PhD Studentship (Cardiff)

Closing Date
26 Nov 2021
Tuition fees, plus £15,609 per annum stipend (updated each year) and research training and support fund of up to £5K.
Cardiff University
3.5 years

Dementia is the greatest health challenge of our century. To date there is no way to prevent it or even slow its progression, and there is an urgent need to fill the knowledge gap in our basic understanding of the diseases that cause it. The UK Dementia Research Institute (UK DRI) is the biggest UK initiative driving forward research to fill this gap. They are a globally leading multidisciplinary research institute of 700 staff investigating the spectrum of neurodegenerative disorders causing dementia, with laboratory-based research groups located at University College London, the University of Cambridge, Cardiff University, Edinburgh University, Imperial College London and King’s College London. Rapid advances in DNA technologies and computational biology are enabling scientists to identify more and more of the subtle DNA variations that can influence a person’s risk of developing different neurodegenerative diseases. Researchers at the UK DRI at Cardiff interrogate the host of genetic variations linked with neurodegenerative diseases to make new discoveries about disease processes. They use experimental model systems along with a variety of cutting-edge experimental methods and equipment to dissect the biology of many of these genes. Building on the team’s international reputation for complex data analyses, they develop and apply advanced computational approaches that enable them to make sense of huge datasets generated by complex experiments.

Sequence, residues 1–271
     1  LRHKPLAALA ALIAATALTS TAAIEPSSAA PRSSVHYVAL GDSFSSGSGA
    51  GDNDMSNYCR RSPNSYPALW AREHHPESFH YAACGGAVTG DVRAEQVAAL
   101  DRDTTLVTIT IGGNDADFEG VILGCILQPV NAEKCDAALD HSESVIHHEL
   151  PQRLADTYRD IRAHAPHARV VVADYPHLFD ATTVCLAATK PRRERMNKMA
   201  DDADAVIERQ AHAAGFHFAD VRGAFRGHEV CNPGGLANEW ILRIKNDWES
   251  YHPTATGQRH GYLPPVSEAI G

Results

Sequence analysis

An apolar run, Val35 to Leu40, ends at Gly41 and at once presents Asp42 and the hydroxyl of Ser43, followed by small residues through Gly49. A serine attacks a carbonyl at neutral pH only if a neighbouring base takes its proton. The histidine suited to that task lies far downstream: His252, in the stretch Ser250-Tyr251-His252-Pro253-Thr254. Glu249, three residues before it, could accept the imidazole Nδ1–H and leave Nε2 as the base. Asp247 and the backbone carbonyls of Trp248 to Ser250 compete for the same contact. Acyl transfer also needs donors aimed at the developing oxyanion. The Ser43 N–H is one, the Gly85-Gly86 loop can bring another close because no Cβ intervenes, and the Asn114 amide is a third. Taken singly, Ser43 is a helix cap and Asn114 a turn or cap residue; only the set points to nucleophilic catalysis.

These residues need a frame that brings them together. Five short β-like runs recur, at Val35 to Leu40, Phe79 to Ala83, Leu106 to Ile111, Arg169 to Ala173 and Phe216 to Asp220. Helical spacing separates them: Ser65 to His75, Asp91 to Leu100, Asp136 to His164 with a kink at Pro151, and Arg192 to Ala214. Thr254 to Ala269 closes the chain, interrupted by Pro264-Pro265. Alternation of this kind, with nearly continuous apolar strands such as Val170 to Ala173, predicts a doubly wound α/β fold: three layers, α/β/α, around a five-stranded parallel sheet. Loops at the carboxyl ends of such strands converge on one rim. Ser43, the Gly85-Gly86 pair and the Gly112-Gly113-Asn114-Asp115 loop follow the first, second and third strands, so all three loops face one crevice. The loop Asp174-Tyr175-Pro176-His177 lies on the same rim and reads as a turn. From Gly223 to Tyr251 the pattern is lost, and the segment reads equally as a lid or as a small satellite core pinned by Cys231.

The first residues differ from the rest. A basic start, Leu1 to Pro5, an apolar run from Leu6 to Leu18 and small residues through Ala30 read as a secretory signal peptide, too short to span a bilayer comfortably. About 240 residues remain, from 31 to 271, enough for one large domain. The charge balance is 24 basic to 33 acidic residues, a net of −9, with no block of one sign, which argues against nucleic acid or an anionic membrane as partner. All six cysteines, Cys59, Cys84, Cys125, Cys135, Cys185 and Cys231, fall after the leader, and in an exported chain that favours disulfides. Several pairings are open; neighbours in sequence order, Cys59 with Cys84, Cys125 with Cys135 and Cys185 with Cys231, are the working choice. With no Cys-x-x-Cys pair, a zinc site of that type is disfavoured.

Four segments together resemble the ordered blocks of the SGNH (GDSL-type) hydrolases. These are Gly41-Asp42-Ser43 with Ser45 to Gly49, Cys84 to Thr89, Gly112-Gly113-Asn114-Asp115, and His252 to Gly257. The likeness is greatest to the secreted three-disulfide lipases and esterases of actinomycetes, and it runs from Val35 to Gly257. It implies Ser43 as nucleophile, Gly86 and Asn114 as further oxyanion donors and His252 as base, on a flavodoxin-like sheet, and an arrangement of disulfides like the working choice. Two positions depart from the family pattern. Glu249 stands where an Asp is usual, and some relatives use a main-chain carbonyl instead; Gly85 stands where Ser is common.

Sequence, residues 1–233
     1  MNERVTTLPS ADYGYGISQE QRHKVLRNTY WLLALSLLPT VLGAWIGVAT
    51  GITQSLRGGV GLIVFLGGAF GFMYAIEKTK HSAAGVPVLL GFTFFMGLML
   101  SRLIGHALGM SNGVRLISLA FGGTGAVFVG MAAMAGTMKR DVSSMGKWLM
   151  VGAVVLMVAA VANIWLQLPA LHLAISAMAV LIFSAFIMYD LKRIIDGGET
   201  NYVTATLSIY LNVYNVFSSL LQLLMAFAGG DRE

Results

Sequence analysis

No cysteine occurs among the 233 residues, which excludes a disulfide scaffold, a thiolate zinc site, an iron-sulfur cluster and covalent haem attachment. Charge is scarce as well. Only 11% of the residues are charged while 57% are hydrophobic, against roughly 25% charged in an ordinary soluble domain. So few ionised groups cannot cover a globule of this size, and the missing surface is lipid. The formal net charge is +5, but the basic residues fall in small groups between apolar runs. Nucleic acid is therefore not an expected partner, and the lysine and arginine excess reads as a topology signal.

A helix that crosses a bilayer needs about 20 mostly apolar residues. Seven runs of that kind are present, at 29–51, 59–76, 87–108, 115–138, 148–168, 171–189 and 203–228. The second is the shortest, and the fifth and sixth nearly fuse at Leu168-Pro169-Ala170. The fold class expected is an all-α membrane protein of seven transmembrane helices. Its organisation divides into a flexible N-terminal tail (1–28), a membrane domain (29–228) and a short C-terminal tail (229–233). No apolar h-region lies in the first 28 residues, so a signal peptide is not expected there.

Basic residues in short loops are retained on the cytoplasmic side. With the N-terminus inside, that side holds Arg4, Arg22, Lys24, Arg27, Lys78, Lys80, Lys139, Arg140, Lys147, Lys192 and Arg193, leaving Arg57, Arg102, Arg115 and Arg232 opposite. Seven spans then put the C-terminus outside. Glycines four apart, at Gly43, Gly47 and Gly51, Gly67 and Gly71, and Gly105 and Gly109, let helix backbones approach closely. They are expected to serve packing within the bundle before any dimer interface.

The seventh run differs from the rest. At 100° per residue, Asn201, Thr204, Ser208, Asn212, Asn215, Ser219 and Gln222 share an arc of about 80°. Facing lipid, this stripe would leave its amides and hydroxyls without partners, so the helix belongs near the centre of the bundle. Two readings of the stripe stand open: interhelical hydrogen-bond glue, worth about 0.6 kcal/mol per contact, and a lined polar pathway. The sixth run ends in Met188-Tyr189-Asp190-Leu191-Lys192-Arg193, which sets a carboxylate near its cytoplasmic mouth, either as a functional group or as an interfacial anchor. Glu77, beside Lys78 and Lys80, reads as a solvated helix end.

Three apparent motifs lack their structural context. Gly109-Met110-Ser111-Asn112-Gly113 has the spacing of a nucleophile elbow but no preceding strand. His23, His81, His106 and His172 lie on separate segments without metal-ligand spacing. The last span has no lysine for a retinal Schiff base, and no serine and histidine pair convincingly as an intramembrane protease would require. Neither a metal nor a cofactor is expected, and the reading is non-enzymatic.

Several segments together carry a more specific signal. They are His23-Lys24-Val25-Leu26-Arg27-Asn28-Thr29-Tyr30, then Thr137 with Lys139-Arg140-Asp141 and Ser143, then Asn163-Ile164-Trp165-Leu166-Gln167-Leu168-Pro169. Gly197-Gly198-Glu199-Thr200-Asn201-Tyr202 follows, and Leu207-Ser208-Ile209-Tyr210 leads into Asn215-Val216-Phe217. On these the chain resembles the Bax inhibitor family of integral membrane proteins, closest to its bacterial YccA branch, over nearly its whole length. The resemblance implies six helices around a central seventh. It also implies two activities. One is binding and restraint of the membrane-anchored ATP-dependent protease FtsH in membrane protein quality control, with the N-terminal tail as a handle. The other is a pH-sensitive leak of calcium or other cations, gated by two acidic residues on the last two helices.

Project title: Epigenetic regulation of microglial gene expression in Alzheimer’s disease

Neuroinflammation is emerging as a key pathogenetic event in risk and progression of Alzheimer’s disease (AD). Genome wide association studies have identified single nucleotide polymorphisms (SNPs) at genetic loci associated with microglia function enriched in AD patient cohorts, however precisely how these alter gene expression within loci is often unclear. Profiling transcriptional regulation of AD associated gene by epigenome wide association studies of post-mortem human cortex has identified enriched patterns of DNA methylation in microglial genes of AD patients. Whilst further illuminating the contribution of microglia in AD pathogenesis, a caveat of these experiments is the tissue utilised; post-mortem samples of mixed cell types derived from patients dying with late-stage AD with profound neurodegeneration and inflammation. Such tissues may not capture more subtle, early changes in epigenomic regulation. To better understand these events, we will profile the epigenome of human microglia in an in vitro cell culture model of AD, hypothesising that essential microglial functions are disrupted through altered epigenetic regulation of microglia specific genes in AD.

Applicants for a studentship must have obtained, or be about to obtain, a UK degree, or the equivalent qualification gained outside the UK, in an appropriate area of medical sciences. However, the DTP also welcomes students from non-medical backgrounds, especially in areas of computing, mathematics and the physical sciences.